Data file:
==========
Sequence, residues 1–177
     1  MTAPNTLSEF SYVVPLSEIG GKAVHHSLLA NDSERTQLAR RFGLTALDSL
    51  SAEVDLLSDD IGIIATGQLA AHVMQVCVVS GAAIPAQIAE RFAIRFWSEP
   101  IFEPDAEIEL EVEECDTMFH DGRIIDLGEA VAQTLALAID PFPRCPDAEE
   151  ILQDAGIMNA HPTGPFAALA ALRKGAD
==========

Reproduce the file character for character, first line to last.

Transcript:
Sequence, residues 1–177
     1  MTAPNTLSEF SYVVPLSEIG GKAVHHSLLA NDSERTQLAR RFGLTALDSL
    51  SAEVDLLSDD IGIIATGQLA AHVMQVCVVS GAAIPAQIAE RFAIRFWSEP
   101  IFEPDAEIEL EVEECDTMFH DGRIIDLGEA VAQTLALAID PFPRCPDAEE
   151  ILQDAGIMNA HPTGPFAALA ALRKGAD